End of Month For the Stock Market Closes At Its Worst in 20 Years

End of Month For the Stock Market Closes At Its Worst in 20 Years by bloombergsubscription

The stock market was trying to rebound Friday at the end of a rough September. Stocks were largely shaking off another stronger-than-expected inflation reading.

The Dow Jones Industrial Average slipped 63 points or 0.2%. The S&P 500 was flat, while the Nasdaq Composite added 0.2%, As reported by Bloomberg Subscription

The indexes all tumbled more than 1.5% Thursday, but the pain has been inflicted all month. The Dow is set to close out September with the worst one-month performance since the Covid-19 selloff of March 2020, with all three major indexes seeing the most significant declines in the first nine months of the year since 2002.

“A stormy quarter is drawing to a close. Hopes for a soft economic landing have all but vanished as the Fed continues to beat the drums of forceful rate increases, sending financial markets into a tailspin,” said Marios Hadjikyriacos, an analyst at broker XM.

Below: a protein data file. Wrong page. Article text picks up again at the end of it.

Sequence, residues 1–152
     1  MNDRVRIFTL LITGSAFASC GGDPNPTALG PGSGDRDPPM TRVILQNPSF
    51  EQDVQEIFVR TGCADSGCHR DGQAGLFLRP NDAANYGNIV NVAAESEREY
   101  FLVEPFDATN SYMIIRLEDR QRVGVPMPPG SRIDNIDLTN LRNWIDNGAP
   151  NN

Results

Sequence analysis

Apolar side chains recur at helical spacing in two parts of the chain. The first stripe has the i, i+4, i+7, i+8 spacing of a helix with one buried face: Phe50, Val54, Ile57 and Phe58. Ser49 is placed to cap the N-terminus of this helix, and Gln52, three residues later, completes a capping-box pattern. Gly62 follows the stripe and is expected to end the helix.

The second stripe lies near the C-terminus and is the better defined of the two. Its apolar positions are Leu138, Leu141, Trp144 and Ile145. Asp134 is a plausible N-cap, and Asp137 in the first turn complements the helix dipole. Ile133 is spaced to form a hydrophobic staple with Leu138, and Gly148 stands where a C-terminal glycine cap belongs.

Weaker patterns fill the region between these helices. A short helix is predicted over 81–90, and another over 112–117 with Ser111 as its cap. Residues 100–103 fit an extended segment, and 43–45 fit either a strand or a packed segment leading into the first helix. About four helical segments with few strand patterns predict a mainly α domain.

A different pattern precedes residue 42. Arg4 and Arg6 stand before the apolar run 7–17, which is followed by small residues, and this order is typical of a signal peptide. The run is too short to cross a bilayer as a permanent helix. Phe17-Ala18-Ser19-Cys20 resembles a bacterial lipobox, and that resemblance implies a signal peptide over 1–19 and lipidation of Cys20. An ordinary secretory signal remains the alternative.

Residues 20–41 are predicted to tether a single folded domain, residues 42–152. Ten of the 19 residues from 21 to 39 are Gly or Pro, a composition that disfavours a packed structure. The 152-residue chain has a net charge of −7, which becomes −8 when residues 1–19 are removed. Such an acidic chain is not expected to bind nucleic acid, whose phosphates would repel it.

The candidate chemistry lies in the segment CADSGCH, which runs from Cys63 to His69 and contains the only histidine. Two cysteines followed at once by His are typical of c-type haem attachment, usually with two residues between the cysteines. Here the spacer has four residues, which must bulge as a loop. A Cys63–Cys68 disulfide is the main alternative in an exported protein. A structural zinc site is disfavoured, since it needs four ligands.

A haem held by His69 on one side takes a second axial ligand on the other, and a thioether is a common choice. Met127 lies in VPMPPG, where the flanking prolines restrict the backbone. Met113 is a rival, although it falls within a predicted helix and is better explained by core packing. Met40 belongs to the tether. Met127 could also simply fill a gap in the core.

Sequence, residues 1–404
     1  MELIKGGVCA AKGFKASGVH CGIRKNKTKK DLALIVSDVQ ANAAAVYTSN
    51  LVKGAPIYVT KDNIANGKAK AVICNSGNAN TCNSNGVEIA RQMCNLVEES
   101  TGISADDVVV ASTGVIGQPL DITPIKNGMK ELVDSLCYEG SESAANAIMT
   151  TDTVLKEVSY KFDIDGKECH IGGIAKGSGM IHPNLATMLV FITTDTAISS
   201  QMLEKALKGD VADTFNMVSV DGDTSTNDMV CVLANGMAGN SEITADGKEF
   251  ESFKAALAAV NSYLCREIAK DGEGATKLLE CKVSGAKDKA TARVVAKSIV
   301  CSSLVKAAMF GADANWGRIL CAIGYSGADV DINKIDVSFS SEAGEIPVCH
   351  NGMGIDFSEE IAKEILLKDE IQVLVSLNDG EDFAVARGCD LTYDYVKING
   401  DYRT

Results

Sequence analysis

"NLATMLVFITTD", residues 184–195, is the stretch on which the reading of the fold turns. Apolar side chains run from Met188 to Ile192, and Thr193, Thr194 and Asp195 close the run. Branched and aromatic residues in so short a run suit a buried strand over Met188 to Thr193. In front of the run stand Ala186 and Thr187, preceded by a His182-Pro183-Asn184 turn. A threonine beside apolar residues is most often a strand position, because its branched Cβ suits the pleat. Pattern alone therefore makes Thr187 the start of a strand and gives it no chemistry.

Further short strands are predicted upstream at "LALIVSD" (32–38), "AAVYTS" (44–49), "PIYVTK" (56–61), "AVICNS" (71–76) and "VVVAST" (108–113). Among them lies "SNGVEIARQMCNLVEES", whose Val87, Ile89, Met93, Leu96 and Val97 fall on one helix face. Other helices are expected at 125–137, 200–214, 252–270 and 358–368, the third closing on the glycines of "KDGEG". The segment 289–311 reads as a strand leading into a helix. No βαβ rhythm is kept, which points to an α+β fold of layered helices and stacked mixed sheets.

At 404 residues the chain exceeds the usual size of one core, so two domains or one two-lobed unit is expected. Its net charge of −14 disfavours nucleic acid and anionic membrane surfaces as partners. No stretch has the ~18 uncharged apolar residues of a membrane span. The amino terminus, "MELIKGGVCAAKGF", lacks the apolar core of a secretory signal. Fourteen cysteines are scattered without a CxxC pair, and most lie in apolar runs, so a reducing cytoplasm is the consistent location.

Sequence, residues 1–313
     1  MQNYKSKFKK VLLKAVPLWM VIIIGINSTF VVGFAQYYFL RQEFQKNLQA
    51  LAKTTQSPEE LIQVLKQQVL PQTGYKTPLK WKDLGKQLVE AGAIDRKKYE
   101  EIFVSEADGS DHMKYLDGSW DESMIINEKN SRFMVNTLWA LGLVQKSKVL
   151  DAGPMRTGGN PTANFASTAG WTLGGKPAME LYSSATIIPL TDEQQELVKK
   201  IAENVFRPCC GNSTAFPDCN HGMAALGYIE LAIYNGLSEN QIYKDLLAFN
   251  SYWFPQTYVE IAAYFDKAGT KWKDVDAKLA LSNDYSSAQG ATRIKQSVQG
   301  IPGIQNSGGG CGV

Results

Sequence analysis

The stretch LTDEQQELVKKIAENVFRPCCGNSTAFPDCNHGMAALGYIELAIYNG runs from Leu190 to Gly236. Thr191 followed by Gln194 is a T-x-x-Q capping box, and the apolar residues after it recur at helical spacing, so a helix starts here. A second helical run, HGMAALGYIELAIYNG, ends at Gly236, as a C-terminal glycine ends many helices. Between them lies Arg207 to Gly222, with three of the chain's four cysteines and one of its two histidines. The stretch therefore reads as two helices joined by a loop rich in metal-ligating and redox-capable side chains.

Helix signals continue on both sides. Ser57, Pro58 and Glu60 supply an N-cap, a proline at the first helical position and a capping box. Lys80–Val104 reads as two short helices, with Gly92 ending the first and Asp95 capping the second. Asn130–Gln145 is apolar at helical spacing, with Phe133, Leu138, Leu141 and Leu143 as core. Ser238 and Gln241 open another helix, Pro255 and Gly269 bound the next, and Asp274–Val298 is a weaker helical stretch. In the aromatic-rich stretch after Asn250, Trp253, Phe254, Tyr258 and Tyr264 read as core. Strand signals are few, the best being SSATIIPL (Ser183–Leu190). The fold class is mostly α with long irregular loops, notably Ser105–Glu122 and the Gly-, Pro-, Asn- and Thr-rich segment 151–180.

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Friday, the Commerce Department reported that the Core Personal Consumption Expenditures Price Index, the Federal Reserve’s preferred measure of inflation, rose 0.6% in August, a tick above the expected 0.5% increase.

That’s true, but markets were already aware that inflation was too hot in August. That’s why bond yields remain below key levels Friday – and that’s important for the economy and the stock market.

On Friday, the 2-year Treasury yield, a barometer for expectations for the federal funds rate, dipped to 4.163%, while the 10-year slipped to 3.706% after having touched a multi-year high of just over 3.9% this week.

For the stock market, October is a coin flip. In a September when the Dow has finished down 7% or more—as it is poised to do—it tends to fall in October, too, with fewer than 50% finishing the month higher, with an average decline of just 1.5%.

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The good news: the market is stabilizing for now above a key support level. The S&P 500 has seen buyers step in around the 3630 level since June, including a small rally in the final few hours of trading Thursday.

The bad news: it still has to reclaim several levels above its current status for Wall Street to grow more optimistic about the market outlook. It’s still in a bear market, defined as a 20% or more significant fall from an all-time high, which it hit in early January.

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